So, yes, I use spreadsheets. Currently no fancy software for me! Since the money in my business comes primarily from PayPal and from checks sent to me from various companies, it's pretty easy to keep track of on a spreadsheet. I'm currently not selling any kind of physical product, so I don't need to worry about inventory or anything. The spreadsheets work great!

If you can, keep the money separate. Even if you are operating as a sole proprietor like I am, it's way easier to keep track of the funds coming and going if you keep the money separate from other money that may be coming into your household. I also like keeping the finances separate because it's easier to keep track of how much I'm actually contributing to the household finances versus what goes back into the business. Again, I get that this might not work for everyone. I had it set up this way when I was working a full-time job, and when I went into business full-time, I just kept doing it the way always did.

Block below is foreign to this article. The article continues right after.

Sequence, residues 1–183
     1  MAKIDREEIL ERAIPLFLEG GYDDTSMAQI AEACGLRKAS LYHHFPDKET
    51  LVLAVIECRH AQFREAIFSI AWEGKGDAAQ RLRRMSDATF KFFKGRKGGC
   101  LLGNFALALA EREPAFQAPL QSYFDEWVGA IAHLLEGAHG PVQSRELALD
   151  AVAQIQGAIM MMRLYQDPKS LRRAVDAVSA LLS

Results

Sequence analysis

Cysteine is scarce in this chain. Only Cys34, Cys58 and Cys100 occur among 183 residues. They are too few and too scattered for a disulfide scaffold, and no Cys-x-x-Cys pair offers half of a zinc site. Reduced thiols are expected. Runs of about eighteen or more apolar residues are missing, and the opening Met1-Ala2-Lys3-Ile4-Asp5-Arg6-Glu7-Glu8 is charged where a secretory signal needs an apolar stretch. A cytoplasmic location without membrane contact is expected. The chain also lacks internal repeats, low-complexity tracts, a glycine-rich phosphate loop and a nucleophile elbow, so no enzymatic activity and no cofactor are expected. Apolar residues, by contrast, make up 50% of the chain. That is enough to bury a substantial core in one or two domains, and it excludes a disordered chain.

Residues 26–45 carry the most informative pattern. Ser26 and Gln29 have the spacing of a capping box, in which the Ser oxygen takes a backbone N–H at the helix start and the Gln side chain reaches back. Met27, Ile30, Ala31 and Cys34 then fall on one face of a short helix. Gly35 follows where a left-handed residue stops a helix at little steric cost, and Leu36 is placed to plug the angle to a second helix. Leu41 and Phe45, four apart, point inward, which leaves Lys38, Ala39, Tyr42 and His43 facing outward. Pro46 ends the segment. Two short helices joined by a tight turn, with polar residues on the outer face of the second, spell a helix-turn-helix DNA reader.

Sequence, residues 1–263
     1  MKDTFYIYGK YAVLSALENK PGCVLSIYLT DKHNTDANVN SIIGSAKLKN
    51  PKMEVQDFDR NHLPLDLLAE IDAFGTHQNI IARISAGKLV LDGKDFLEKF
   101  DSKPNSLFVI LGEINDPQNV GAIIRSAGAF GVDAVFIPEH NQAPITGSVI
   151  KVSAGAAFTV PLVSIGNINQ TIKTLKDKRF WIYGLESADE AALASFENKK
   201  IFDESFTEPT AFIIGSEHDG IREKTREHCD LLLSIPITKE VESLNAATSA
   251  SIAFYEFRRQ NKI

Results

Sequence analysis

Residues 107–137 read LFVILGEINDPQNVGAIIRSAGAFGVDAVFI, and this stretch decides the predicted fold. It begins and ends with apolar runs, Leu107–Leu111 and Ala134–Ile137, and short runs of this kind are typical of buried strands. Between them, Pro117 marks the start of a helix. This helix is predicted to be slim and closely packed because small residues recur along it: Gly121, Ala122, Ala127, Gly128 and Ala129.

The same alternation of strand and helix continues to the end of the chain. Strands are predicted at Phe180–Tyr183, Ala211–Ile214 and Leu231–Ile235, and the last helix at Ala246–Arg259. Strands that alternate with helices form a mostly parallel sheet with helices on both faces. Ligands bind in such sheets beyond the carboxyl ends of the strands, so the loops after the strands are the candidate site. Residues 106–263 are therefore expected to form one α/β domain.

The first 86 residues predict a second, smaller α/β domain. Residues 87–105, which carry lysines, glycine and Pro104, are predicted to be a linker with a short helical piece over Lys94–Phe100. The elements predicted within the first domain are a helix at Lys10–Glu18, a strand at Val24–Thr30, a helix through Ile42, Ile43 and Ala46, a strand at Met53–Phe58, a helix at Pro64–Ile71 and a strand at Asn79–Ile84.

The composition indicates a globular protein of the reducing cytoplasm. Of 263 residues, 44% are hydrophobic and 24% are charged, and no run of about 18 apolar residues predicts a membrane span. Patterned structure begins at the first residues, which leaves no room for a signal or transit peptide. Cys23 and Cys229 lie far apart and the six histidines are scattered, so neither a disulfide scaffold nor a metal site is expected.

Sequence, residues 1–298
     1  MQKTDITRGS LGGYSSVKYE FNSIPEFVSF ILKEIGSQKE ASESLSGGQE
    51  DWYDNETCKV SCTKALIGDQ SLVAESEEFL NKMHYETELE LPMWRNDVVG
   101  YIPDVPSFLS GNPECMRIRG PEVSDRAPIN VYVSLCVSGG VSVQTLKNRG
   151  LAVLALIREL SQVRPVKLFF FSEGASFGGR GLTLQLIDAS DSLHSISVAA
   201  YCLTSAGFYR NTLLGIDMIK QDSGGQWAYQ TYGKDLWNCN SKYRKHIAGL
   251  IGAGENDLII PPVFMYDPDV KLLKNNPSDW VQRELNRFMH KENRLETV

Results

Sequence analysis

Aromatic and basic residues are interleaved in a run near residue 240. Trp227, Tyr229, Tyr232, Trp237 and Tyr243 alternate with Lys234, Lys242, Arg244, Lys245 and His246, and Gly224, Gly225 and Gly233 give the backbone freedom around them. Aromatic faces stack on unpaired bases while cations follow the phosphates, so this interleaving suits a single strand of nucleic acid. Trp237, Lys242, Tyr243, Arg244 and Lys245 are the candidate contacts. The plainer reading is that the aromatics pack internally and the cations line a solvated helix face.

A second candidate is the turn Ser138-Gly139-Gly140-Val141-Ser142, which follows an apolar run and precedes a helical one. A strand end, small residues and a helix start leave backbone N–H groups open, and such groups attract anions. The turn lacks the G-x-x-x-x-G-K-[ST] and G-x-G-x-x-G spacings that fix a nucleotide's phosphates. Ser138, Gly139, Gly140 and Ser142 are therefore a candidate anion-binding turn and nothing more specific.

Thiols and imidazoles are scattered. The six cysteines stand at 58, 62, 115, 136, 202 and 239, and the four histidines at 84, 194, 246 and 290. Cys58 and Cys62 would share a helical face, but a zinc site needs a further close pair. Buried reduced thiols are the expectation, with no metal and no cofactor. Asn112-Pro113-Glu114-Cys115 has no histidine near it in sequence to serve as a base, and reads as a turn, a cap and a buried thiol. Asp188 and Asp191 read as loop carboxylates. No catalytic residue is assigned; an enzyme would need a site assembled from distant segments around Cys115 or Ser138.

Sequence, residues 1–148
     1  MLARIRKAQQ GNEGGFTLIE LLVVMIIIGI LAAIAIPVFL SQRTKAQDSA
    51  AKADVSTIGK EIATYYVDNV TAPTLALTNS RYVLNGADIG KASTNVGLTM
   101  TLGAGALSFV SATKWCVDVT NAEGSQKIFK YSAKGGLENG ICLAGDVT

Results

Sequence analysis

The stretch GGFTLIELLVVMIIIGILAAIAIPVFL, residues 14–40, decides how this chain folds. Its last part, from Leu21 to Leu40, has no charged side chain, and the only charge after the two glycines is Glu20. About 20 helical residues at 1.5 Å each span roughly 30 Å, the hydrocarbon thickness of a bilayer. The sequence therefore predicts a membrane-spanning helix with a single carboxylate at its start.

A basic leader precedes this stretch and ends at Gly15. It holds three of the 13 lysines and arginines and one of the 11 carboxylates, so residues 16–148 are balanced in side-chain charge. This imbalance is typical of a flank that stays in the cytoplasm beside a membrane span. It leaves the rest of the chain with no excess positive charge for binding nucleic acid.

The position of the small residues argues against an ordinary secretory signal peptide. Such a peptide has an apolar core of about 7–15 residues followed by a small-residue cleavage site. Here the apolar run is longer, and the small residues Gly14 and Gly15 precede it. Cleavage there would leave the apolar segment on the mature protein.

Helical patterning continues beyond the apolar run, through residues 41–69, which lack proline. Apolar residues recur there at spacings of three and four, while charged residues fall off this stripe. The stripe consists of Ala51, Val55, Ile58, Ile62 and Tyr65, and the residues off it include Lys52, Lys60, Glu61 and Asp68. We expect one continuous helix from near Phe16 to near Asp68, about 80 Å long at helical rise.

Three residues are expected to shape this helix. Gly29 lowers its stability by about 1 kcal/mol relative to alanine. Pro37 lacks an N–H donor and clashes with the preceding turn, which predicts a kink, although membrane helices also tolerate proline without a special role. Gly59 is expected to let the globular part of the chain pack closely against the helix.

The most important thing is to figure out a way that works the best for you!

Also, if you're curious about how to pay yourself, check out Tara Swiger's class, Pay Yourself.* Worth every penny!

* Disclaimer: Tara Swiger has nothing to do with me talking about her class in this blog post. I paid for the class, took it, found it extremely helpful and thought you might too. :)



Earlier this week I released a new shawl pattern. This is Sognare: